Slim shows curiosity about the fact that George and Lennie travel together.
"It jus' seems kinda funny a cuckoo like him and a smart little guy like you travelin' together."
This is mainly intended to show that George and Slim are developing a cordial relationship and to provide an opportunity for Steinbeck to explain in the form of dialogue how the partnership between George and Lennie developed.
"Him and me was both born in Auburn. I knowed his Aunt Clara. She took him when he was a baby and raised him up. When his Aunt Clara died, Lennie just come along with me out workin'. Got kinda used to each other after a little while."
This explanation to Slim is mainly intended as exposition to the reader and to the future audience for the stage version of the story Steinbeck which intended to write immediately. He called the book "a playable novel." He wrote it in such a way that the exposition is conveyed in dialogue, as in a stage play. This made it extremely easy to convert the novel to a play. It had to be done quickly because both the book and the play came out in the same years, 1937.
George sounds defensive and apologetic about making friends with a "cuckoo" and planning to share a farm with him. When Slim says:
"Funny how you an' him string along together."
"What's funny about it?" George demanded defensively.
George is defensive because he has been asked about this and kidded about this before. Some students have asked if George and Lennie are gay. George wants tp make it clear that he has to look after Lennie because he promised Aunt Clara he would do so. Nevertheless, it seems "funny" that two men would be sharing a farm together. Steinbeck had to have two men sharing the dream because, although it would be more natural for a man and a woman to have such a dream, the author is writing about the hard lot of migrant farm workers. Women couldn't do the hard work and couldn't live in bunk houses with a bunch of men. So Steinbeck created two male bindlestiffs and made one of them retarded to account for their relationship. George has to look after Lennie and get Lennie jobs. Having two protagonists makes it easy for Stainbeck to convey expository information through dialogue, because the two men naturally talk to each other about all sort of subjects, past, present, and future. The structure of the novel can only be understood in light of the fact that it was "playable," i.e., intended to be swiftly converted into a stage play without any major changes.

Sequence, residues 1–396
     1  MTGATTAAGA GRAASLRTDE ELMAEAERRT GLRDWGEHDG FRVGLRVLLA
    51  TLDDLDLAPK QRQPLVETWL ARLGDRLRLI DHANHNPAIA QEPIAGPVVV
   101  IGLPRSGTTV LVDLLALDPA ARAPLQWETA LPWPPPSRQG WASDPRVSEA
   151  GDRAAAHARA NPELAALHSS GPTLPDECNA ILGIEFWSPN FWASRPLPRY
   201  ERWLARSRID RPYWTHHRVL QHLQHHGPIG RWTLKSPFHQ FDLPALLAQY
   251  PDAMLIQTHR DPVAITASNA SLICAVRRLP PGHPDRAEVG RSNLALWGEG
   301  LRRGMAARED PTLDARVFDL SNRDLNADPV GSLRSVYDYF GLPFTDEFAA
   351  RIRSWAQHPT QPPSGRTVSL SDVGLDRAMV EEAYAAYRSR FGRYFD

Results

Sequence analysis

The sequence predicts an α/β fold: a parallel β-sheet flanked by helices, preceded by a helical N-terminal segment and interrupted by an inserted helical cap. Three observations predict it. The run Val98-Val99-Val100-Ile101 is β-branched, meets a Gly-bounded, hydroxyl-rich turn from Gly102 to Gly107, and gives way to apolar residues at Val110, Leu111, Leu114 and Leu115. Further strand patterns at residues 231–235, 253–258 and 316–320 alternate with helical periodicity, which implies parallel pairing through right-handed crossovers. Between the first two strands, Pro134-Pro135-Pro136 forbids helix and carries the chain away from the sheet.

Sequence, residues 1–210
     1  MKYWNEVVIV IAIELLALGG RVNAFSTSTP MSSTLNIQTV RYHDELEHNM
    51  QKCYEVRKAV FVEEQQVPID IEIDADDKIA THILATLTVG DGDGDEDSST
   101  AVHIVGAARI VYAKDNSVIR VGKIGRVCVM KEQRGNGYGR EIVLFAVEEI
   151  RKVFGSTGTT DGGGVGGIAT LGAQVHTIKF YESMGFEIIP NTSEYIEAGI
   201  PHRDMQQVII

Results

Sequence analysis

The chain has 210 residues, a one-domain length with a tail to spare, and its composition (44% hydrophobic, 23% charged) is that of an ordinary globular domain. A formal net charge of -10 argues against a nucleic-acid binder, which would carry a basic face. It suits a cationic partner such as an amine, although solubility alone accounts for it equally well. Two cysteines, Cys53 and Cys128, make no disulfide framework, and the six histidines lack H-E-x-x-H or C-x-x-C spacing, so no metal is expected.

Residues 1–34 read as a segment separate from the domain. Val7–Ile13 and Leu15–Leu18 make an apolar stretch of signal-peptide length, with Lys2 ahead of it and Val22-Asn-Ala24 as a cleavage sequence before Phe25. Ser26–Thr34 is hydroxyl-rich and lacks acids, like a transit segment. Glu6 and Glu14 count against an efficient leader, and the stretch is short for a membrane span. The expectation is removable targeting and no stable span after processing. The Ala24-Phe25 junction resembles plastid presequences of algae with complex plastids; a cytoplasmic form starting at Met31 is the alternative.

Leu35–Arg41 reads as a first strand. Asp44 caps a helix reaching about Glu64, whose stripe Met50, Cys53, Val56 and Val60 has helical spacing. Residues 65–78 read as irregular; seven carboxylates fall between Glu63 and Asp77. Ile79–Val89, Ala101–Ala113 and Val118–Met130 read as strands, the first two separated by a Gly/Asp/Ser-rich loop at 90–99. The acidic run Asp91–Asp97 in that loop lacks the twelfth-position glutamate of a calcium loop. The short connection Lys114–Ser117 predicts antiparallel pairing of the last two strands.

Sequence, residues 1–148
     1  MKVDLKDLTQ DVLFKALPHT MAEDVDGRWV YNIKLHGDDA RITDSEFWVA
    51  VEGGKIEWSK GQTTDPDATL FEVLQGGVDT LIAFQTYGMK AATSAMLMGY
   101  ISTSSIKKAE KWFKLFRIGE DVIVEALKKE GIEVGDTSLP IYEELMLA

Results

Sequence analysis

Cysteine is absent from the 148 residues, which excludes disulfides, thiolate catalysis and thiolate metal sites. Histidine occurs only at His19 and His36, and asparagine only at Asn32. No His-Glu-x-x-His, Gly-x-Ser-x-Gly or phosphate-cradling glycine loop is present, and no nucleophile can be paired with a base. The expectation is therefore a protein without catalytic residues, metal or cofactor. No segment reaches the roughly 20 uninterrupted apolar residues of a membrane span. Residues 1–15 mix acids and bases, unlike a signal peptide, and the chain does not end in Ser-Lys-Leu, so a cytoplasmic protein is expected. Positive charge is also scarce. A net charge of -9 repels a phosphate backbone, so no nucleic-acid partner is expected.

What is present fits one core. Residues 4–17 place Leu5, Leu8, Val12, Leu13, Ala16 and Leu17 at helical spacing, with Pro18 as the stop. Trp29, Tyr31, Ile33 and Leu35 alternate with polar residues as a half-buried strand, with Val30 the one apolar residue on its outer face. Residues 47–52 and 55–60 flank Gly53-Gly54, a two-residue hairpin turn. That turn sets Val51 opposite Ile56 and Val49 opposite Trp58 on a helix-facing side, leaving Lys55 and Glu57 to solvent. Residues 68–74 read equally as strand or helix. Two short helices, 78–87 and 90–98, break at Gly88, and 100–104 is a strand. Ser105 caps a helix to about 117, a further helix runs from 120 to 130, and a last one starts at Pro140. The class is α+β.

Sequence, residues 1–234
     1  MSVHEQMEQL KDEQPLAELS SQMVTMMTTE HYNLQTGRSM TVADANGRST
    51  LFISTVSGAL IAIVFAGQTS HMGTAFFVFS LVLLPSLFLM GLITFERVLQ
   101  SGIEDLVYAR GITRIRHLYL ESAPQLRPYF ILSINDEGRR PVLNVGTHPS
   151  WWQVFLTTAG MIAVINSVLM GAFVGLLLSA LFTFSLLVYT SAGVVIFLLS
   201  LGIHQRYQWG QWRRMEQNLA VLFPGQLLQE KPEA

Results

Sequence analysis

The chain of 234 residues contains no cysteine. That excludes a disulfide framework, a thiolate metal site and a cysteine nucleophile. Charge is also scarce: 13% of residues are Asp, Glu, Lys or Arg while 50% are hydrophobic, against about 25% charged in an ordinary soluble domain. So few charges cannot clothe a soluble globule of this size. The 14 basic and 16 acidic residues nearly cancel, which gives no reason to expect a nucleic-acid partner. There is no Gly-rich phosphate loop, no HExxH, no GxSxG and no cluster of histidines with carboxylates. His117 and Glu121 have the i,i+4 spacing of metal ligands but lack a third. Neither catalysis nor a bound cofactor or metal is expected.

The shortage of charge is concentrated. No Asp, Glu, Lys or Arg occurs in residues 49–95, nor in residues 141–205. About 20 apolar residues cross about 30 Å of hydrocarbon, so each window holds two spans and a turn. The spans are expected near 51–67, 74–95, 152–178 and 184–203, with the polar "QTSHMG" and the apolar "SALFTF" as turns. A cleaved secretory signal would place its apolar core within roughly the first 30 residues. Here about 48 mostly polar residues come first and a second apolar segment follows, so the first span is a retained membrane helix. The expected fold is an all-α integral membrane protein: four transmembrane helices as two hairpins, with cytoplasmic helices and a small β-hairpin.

Much of the dialogue throughout the entire short novel is invented to convey expository information to the reader and the future stage audience. Steinbeck does this adroitly because one of his major strengths as a writer was his dialogue-writing. This can be seen to even better advantage in his best novel The Grapes of Wrath, in which he deals with a whole family trying to make their way from Oklahoma to California in an unreliable jalopy.